While the IH engineers were working at the Hopson Plantation, USDA and Mississippi State researchers at the Delta Branch were studying mechanical pickers and conducting research on strengthening cotton fibers to withstand mechanical harvesting. The Delta Branch also was the site of research with defoliation, which was needed to remove the leaves from cotton plants before mechanical harvesting.
The work at the Delta Branch Experiment Station and at the Hopson Plantation led to commercial production of IH mechanical pickers, while war-time demand for factory workers was easing concern about the impact of replacing much of the South's farm workforce with machines.
In 1942, IH produced 12 mechanical pickers on Model H Farmall tractors, and in 1943, 13 more were mounted on the Model H tractors and one on a larger Model M. Production increased to 40 of the machines for use on Model M tractors for the 1944 crop. Also in 1944, the Hopson Plantation produced the first cotton crop using just mechanical cultivation and harvesting, a feat that made the farm a tourist attraction.
“They've come from all over the Cotton Belt,” said Dick Hopson, one of the two brothers operating the plantation at the time, in a 1944 interview for ACCO Press, a cotton magazine. “Men from the eastern mills, bankers, in fact, just about every phase of the cotton business has been represented in those who have come to observe the picking operation this year.”
Also in 1944, the Delta Branch used an IH mechanical picker to harvest its cotton crop, marking the first time the experiment station successfully produced a cotton crop without a single hour of hand labor. The move to mechanization also spelled the end of mule power at the facility. In 1945, a new mule barn housed 40 mules, but by 1950, only one remained at the station.
Engineers had produced a machine that could pick cotton of comparable quality to hand picking and at a faster pace, concerns remained about the economics of mechanical harvesting.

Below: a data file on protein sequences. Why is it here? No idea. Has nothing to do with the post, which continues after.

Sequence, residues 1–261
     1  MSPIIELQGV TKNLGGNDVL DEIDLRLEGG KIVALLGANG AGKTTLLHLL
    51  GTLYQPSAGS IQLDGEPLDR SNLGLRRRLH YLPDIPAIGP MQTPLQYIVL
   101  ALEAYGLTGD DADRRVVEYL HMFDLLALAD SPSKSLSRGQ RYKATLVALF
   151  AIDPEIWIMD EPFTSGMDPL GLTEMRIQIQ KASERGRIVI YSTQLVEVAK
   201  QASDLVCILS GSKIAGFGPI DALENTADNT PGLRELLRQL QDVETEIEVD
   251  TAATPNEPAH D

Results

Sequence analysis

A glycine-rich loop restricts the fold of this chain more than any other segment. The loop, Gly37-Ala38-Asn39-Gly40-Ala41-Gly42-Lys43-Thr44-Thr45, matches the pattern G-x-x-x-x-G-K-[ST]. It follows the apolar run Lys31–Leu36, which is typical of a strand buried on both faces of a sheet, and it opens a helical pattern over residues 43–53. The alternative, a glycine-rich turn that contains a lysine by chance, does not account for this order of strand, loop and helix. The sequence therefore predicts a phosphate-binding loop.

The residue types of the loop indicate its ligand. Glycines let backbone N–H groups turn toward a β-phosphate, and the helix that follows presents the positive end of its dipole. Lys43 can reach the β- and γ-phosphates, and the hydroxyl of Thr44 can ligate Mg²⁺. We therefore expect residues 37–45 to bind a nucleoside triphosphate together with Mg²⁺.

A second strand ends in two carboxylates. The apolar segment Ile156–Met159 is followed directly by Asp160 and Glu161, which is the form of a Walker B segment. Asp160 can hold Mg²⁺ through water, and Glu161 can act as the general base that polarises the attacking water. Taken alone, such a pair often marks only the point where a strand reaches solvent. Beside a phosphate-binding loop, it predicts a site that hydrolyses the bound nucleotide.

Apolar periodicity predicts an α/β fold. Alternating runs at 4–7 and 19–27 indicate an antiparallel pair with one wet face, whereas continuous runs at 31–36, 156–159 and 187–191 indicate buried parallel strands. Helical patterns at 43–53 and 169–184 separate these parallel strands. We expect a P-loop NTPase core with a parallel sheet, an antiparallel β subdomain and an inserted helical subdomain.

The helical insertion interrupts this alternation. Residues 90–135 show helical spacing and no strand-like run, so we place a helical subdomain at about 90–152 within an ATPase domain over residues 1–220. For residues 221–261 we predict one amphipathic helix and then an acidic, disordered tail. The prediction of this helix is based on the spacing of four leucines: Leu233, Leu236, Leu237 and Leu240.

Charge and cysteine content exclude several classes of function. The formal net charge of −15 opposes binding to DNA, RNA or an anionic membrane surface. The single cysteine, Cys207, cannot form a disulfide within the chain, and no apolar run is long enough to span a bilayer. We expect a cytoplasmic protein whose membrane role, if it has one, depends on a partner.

“They had a production model that was satisfactory, but it still had to be proved that this was a practical, economic thing,” Nance said. “So, the plantation had three bookkeepers with the most extensive cost accounting setup known to man at the time. Every nut, every bolt, every quart of oil, everything was accounted for in order to compare mechanical production to the hand labor used in the sharecropping system. They did prove that mechanical farming was economically practical.”
Mechanized production of cotton and other crops increased after World War II. A significant step forward was John Deere's 1951 volume manufacturing of two-row cotton pickers. Today, six-row machines are the standard, but they still operate on the engineering principles developed more than 60 years ago.
“Current cotton pickers still use most of the concepts introduced in the 1943 IH production pickers,” Willcutt said. “However, one six-row harvester operating at 4.2 miles an hour in two-plus-bales-per-acre cotton can harvest 150 to 200 bales of high-quality fiber a day with a crew of three or four people. It would take 750 to 1,000 people to harvest the same amount by hand.”
The Hopson Plantation has been designated a Mississippi Landmark for the role played there in the development of mechanical cotton harvesting.
The M12H picker parked near the plantation's former commissary is part of Delta history, said James Butler, who along with his wife, Cathy, a member of the Hopson family, own the area that served as the plantation's headquarters. The commissary building is now a blues club, and former sharecropper houses and the gin building on the property are part of an inn that draws visitors from around the world.
“We would like to eventually restore the machine to the way it was in the 1940s when the plantation was part of important changes in Delta life,” he said.